Brooklyn Native Edie Falco Seeks End to Local ‘Fishing Clinics’

PETA Honorary Director Urges Brooklyn Bridge Park to Stop Teaching Kids to Hurt Animals for 'Fun'

For Immediate Release:
September 11, 2019

Contact:
David Perle 202-483-7382

Brooklyn, N.Y. – This morning, native Brooklynite Edie Falco sent a letter on PETA’s behalf urging the Brooklyn Bridge Park to cancel any future planned “Fishing Clinics,” in which participants, including children, hook fish through their sensitive mouths, pull them from their aquatic home, and toss them back into the water, where they often die from the injuries or stress.

“Being hooked hurts, and what may seem like a ‘harmless’ game is deadly serious to the fish,” writes Falco. “Most children have a natural empathy for animals, and that kindness should be nurtured, not undermined by teaching kids that it’s OK to hook fish and yank them out of their natural environment for ‘fun.'”

In the letter, Falco suggests replacing the “Fishing Clinics” with “trash fishing”—a fun activity that teaches kids how to be good stewards of the environment instead of how to harm animals.

PETA—whose motto reads, in part, that “animals are not ours to abuse in any way”—opposes speciesism, which is a human-supremacist worldview. For more information, please visit PETA.org.

Edie Falco’s letter to Eric Landau, president of the Brooklyn Bridge Park Corporation, follows.

September 11, 2019

Eric Landau

President

Brooklyn Bridge Park

Dear Mr. Landau,

Although we’ve come so far in understanding animals for who they are, even today, fish seem alien to most of us. But science proves that they’re complex beings who deserve our admiration and respect. As a Brooklyn native and an honorary director of PETA, I urge you to stop holding “Fishing Clinics” at the Brooklyn Bridge Park.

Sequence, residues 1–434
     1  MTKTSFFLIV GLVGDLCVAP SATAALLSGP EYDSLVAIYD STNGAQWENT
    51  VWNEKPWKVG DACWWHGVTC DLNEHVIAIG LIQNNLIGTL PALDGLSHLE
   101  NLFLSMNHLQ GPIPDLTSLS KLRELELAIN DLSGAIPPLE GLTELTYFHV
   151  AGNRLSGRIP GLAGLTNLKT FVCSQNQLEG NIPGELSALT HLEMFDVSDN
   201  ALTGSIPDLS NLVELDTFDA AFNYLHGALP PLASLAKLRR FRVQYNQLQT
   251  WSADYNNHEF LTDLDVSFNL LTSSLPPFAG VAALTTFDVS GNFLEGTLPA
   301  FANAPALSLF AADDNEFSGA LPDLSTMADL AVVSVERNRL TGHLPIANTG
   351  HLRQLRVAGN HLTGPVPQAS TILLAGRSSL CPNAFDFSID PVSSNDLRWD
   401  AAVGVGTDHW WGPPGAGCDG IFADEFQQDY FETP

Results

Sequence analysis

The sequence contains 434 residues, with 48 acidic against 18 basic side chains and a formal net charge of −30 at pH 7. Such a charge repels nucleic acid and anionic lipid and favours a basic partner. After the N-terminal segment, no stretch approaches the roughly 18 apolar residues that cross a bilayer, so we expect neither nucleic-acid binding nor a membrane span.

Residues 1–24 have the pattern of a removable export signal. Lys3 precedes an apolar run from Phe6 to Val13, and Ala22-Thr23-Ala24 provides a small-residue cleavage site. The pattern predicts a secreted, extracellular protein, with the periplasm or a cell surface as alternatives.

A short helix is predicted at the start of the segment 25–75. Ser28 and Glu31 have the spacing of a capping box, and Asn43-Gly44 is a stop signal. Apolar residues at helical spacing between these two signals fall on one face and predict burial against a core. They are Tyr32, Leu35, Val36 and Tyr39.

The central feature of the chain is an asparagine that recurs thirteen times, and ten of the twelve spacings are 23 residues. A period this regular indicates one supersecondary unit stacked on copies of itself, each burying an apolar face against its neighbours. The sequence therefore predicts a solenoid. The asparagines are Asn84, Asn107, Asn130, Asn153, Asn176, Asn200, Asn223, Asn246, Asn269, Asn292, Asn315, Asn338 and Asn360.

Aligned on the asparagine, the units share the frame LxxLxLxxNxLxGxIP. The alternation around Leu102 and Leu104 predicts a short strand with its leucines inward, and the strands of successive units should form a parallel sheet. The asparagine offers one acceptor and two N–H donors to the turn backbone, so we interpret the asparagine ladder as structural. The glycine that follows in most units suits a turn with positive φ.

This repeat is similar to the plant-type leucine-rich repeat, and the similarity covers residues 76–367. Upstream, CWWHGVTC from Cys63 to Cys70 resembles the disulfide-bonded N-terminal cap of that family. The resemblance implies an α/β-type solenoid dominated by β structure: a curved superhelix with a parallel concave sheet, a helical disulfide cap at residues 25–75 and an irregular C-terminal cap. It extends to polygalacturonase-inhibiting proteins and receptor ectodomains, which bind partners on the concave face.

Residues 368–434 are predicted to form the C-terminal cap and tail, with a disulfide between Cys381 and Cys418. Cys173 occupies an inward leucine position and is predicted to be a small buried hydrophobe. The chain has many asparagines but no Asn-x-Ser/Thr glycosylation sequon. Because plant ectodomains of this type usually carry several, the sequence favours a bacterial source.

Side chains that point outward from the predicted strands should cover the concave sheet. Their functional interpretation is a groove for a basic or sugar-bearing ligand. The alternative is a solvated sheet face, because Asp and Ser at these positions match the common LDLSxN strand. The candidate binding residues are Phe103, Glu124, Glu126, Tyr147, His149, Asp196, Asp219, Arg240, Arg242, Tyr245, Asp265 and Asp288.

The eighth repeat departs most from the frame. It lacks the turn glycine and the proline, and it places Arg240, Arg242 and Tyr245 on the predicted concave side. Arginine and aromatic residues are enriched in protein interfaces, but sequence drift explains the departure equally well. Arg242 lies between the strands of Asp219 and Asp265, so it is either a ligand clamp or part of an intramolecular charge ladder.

Being hooked hurts, and what may seem like a “harmless” game is deadly serious to the fish. The evidence of their desire to live is obvious from the way they fight to survive at the end of a pole as they’re pulled from their natural environment. Handling fish to remove hooks can also cause damage. Fish who are handled by humans can suffer from the loss of their protective scale coating, making them vulnerable to disease, and one study found that the injuries caused to their mouths after they’re hooked can impair their ability to eat. Many fish who are caught and released later die from the injuries or stress.

In a letter to PETA, you stated that you aim to “foster respect of our waterways and the fish that live there,” but surely, the best way to show respect for other animals is to leave them in peace. Most children have a natural empathy for animals, and that kindness should be nurtured, not undermined by teaching kids that it’s OK to hook fish and yank them out of their natural environment for “fun.” There are so many ways to encourage young people to appreciate the outdoors without harming its native inhabitants. PETA’s youth division gave a Hero to Animals Award to an 11-year-old boy and his father who fish for trash, not sea animals, out of the Detroit River. “Trash fishing” could be an educational and helpful alternative to your clinics that would show children how to be good stewards of the environment.

May I hear that you’ll make this year’s clinics the last?

Sincerely,

Edie Falco

For Media: Contact PETA's
Media Response Team.

Contact

Get PETA Updates

Stay up to date on the latest vegan trends and get breaking animal rights news delivered straight to your inbox!

By submitting this form, you are agreeing to our collection, storage, use, and disclosure of your personal info in accordance with our privacy policy as well as to receiving e-mails from us.

“Almost all of us grew up eating meat, wearing leather, and going to circuses and zoos. We never considered the impact of these actions on the animals involved. For whatever reason, you are now asking the question: Why should animals have rights?” READ MORE

— Ingrid E. Newkirk, PETA President and co-author of Animalkind